Canelo Alvarez vs. Dmitry Bivol
For a fighter who is only 5’8″ and weighed 140 pounds when he made his professional MMA debut, you’d think he’d have a weight ceiling. When it comes to Canelo Alvarez, there are no limits to his abilities.
Alvarez (57-1-2, 39 KOs) will battle WBA light heavyweight champion Dmitry Bivol (19-0, 11 KOs) on Saturday at T-Mobile Arena in Las Vegas, fresh off his 2021 fighter of the year campaign in which he became the first undisputed super middleweight champion in history (DAZN PPV, 8 p.m. ET — subscribe now).
Alvarez, 31, has not fought since he knocked out Sergey Kovalev in 2012 to win the WBC light heavyweight title, which he promptly gave up. His promoter, Eddie Hearn of Matchroom Sport, recently revealed that Alvarez might be willing to fight Oleksandr Usyk for the unified heavyweight title if the former cruiserweight champion is willing to accept a catchweight of 201 pounds for the fight.
Earlier this year, it was reported that Alvarez was considering a fight against cruiserweight champion Ilunga Makabu.
On Wednesday, Alvarez told CBS Sports, “I appreciate this sort of challenge because it makes me feel alive.” In order to get the adrenaline rush I crave, I continue to practise boxing.
It’s impossible for me to stop wanting more since there are no limitations. Then then, what if you’re wrong? Is this a heavyweight fight? Maybe.”
First, Alvarez must face the excellent Bivol, a Russian native who was born in Kyrgyzstan and went on to have a successful amateur career, before he can consider any future offers at even greater weights.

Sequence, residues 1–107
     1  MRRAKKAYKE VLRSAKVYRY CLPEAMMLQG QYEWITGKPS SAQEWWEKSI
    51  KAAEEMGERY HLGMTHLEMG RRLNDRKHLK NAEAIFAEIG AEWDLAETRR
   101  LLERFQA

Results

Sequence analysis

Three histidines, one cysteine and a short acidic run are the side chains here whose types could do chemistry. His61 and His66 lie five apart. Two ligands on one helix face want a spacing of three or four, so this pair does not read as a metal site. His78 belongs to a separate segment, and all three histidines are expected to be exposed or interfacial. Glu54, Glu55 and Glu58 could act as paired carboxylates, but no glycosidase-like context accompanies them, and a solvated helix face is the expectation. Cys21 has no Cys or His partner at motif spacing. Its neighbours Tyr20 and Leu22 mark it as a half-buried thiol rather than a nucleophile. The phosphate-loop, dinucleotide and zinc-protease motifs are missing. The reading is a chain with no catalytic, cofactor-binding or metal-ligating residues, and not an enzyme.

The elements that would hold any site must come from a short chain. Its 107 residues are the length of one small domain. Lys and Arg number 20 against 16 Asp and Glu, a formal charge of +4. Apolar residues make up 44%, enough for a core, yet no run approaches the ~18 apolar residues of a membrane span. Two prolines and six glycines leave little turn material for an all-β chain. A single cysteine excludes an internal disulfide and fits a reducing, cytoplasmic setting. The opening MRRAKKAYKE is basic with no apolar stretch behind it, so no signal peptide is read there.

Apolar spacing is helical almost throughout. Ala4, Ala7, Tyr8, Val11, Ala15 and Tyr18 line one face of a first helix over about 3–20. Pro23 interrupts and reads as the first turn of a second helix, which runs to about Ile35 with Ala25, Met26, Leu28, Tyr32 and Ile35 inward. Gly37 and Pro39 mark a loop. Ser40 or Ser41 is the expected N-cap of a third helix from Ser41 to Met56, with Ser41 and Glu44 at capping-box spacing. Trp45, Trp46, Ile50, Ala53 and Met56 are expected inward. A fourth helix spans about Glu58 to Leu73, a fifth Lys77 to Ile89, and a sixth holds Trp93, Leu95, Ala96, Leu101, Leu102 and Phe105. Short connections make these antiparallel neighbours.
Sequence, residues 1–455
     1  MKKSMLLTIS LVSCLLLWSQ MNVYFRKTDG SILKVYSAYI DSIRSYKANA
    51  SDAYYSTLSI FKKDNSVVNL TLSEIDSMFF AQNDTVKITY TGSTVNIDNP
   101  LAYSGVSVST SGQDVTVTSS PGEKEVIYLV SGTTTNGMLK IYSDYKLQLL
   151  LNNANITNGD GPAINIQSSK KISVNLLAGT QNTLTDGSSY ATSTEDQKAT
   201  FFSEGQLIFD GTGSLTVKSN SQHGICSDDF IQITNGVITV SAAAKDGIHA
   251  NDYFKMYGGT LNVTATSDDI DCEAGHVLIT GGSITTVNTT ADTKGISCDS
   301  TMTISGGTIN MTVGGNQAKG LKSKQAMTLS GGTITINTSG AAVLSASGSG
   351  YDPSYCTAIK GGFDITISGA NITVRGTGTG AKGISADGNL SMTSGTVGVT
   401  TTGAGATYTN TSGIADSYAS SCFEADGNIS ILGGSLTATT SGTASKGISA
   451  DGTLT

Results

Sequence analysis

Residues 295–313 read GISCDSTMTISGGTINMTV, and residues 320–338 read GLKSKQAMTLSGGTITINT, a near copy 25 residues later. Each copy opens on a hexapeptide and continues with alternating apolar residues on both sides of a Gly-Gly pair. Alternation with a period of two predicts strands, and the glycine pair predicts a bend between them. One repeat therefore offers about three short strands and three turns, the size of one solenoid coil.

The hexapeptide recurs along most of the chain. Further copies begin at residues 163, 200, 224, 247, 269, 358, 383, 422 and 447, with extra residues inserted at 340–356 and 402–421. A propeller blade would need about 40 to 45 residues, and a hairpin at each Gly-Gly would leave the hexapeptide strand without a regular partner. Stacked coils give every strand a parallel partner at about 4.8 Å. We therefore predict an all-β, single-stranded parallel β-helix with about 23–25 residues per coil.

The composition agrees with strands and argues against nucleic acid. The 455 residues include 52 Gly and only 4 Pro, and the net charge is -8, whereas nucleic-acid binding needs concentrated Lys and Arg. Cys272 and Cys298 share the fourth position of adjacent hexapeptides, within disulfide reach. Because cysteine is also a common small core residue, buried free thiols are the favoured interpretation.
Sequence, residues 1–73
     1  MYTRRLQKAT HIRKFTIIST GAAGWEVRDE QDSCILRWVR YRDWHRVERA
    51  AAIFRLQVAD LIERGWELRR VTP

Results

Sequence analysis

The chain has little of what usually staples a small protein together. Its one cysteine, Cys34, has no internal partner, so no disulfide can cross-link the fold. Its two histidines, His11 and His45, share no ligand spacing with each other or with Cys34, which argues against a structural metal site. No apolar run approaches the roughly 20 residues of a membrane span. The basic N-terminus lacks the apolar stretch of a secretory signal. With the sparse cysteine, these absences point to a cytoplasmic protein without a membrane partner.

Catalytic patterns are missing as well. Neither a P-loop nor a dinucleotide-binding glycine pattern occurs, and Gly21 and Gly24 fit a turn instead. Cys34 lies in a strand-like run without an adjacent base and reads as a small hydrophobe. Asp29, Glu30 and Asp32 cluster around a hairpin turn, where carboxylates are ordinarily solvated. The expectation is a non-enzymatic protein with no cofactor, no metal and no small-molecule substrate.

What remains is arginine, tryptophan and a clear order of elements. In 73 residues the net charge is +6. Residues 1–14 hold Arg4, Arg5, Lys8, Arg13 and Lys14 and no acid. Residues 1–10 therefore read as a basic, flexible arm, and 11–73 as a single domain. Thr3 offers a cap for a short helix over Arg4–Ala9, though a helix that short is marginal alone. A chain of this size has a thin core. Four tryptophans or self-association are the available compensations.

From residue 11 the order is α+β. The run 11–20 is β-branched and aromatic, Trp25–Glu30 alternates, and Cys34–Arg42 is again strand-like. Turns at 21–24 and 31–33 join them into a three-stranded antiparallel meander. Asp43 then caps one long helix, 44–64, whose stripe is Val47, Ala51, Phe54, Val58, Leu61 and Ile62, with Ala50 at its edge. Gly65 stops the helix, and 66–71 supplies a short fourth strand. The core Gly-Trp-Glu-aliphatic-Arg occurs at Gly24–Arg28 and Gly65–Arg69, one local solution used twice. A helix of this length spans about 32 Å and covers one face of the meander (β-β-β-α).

With his footwork, defence, and technique, Bivol is seen as a safe fighter who can outbox opponents from a distance. If the battle demands it, can he dig in and risk his life versus Alvarez? After witnessing Alvarez continuously gain weight and remarkably take his power with him, it’s a suggestion Bivol might have to think about.
CBS Sports quoted Bivol as saying that if you are doing something well and it is helping you win the fight, you should try it again. This is not always enough, and you have to come up with something unique and convey something from your innermost self. When you have to show more of Dmitry Bivol, some opponents will do it with you. I believe Canelo is one of such fights.
“I can do it in the ring, too.” I have enough strength. I weigh 175 pounds, and I feel I am capable of anything in the ring if I put my mind to it and have faith in myself.
This fight will be like a blend of Kovalev and Golovkin, Alvarez said while discussing the difficulties of Bivol’s opponent in the Octagon. Alvarez, on the other hand, seemed to be unconcerned with Bivol’s might. Aside from a 2010 fight against Jose Miguel Cotto, the older brother of future Alvarez opponent Miguel Cotto, the Mexican superstar has never been wounded professionally.
“I don’t recall ever getting really injured,” I respond. ” According to Alvarez: “Never, never in my life,” he added. It was once in my legs when I fought Cotto’s brother, but I’ve never felt it in my mind.”
That’s why I’m able to adapt to a tall opponent’s style since I have the right sparring partners for the task.”
It’s a culmination of a lifetime of hard work for Bivol, who won the WBA super-middleweight championship in 2017 before defending it seven times against the likes of Isaac Chilemba, Jean Pascal, and current WBO champion Joe Smith Jr.
He says he told his team that he wanted to face the greatest so he could establish his own history when he entered professional boxing. To me, fighting Canelo is an opportunity to show myself what I’m made of in the ring against the greatest. In the ring, I’m hoping for the best. ”